Selena Gomez shared a Coke for six million likes, the Kardashians enjoyed Popeyes Chicken on a private jet, and Joelle Fletcher and Becca Tilley, The Bachelor/Bachelorette alums, want you to check out the latest sunglasses from an “affordable” and charitable eyewear company so you can look “cool”, just like them.
Influencer marketing and the use of celebrity likenesses by brands has become widely adopted by marketers for years, with the objectives ranging from driving awareness to conversions. However, while endorsements have been proven to drive increased clicks and sales (according to Collective Bias), they aren’t always executed as flawlessly. Celebrity and influencer posting flubs often make marketing professionals, and perhaps consumers, question if the celebrities or influencers’ endorsement of a product is even credible. Recently, top celebrity names like Ja Rule and Bella Hadid took a hit because of good intentions mixed with bad business management at Frye Festival. Scott Disick’s infamous #InstagramFail showed how little he paid attention to the collaboration when he accidentally copy and pasted emails from his publicist instructing him when to publish an endorsement post on Instagram.
So, what does this mean for brands and the influencers they want to work with? It’s about time that brands and their agencies take a step (or three) back to think about strategic, long-term goals and how to be transparent with consumers, including being compliant with rules and regulations online. Letters recently sent by the Federal Trade Commission (FTC) stated that influencers need to “clearly and conspicuously disclose their relationships to brands when promoting or endorsing products through social media,” calling out when influencers “hide” the required hashtags through a collapsed comment. A proper disclosure also wouldn’t necessarily hurt celebrities and influencers who choose to collaborate with brands. Consumers are starting to see through their Valencia-filtered lenses that celebrities aren’t “just like us” – they’re paid by big brands to promote their products, whether they actually use them in real life, or not.
Influencer marketing is a crucial part of any integrated communications campaign. However, every communications professional should re-think how they’re approaching third-party endorsements and how to nurture long-standing relationships with influencers instead of executing one-off campaigns. It’s time to get old school and use the 5 W’s: WHO, WHAT, WHEN, WHERE, and WHY. Here are a few things communications professionals, as well as brands and influencers, should think about when starting a campaign:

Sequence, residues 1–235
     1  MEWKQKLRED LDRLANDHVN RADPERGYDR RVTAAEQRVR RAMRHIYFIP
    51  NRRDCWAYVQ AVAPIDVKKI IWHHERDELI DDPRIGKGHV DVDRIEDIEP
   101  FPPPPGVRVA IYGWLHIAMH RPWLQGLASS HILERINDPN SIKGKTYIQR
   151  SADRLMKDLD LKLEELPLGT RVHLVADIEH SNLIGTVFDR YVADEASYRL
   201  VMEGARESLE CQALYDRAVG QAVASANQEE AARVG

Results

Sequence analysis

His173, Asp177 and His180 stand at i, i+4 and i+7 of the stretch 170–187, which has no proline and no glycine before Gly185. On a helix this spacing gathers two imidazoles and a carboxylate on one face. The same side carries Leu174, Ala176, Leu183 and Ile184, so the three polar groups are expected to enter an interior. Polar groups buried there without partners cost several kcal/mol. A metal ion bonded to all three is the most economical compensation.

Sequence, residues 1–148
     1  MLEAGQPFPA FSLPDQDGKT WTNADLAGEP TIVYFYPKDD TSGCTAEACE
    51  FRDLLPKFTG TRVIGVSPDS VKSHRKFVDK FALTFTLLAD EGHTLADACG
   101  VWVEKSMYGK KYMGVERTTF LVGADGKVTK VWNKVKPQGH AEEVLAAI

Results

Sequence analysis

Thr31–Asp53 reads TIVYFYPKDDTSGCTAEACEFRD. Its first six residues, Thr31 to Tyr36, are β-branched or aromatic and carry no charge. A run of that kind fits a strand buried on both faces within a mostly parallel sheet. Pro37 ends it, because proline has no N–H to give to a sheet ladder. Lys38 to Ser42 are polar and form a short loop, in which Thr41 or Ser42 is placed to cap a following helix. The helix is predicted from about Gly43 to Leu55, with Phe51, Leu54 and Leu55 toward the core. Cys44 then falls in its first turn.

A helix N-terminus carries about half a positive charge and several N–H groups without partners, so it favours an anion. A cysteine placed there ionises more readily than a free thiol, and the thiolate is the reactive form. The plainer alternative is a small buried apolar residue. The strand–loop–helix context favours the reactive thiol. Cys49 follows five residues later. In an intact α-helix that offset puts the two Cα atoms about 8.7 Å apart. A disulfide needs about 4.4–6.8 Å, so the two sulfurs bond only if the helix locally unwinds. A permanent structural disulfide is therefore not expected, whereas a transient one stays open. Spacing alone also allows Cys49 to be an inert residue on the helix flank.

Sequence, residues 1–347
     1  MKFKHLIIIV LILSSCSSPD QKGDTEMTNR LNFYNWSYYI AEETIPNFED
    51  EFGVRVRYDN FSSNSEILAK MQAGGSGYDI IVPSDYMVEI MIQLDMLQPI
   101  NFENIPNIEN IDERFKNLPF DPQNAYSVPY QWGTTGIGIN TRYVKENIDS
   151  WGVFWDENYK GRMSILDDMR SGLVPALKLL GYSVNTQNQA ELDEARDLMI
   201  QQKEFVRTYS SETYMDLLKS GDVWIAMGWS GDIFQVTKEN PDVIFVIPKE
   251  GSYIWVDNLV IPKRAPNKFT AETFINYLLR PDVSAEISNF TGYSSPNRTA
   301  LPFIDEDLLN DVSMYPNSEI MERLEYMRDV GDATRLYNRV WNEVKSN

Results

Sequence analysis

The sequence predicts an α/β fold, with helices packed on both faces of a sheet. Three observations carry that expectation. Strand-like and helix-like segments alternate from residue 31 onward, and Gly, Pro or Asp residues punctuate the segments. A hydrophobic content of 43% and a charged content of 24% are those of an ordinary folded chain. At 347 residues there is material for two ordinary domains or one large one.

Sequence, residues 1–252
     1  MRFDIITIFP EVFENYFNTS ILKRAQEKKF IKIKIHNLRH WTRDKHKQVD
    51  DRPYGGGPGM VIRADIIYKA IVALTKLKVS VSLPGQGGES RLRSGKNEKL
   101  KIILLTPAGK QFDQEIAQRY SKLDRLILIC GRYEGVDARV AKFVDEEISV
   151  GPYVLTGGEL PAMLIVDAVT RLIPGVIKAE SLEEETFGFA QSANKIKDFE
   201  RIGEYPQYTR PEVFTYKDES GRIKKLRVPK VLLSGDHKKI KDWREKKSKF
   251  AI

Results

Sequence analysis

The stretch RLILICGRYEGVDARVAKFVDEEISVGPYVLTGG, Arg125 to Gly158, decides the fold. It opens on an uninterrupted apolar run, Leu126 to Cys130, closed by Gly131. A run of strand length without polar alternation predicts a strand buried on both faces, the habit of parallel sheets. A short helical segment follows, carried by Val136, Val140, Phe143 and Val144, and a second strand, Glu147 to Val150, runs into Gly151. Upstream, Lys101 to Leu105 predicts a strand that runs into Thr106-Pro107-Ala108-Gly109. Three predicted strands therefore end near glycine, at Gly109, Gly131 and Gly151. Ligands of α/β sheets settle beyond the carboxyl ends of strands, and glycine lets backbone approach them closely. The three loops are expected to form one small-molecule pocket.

- WHO is the audience? Consider who it is you are trying to reach.
- WHO is the audience following? Do some initial research to understand who influences your audience.
- WHAT do we want them to say/share? Key messages and a clear direction should be created prior to any campaign kick-off to easily guide influencers to unique yet authentic content.
- WHAT will FTC disclosure look like? There are many options, as the point is to ensure the reader has the essential information, but be sure to check out the FTC’s Endorsement Guides for more info.
- Tip: Once the agency/brand has determined what FTC disclosures look like, consider using the same format for every influencer campaign for consistency purposes and don’t forget to include language in influencer contracts and/or guidelines.
- WHEN do we want the influencer to post? Is there an ideal timing for both parties?
- WHERE do we want the influencer to post? Blog, Facebook, Twitter, Instagram, Snapchat?
- WHY are we doing this? To be fair, this should be the first question asked and answered.
Influencer campaigns are meant to improve the consumer’s online experience, develop genuine relationships, and create unique and exciting content benefiting the greater social good. All parties must be on the same page and have the same goal in mind so campaigns are executed flawlessly and authentically, every single time.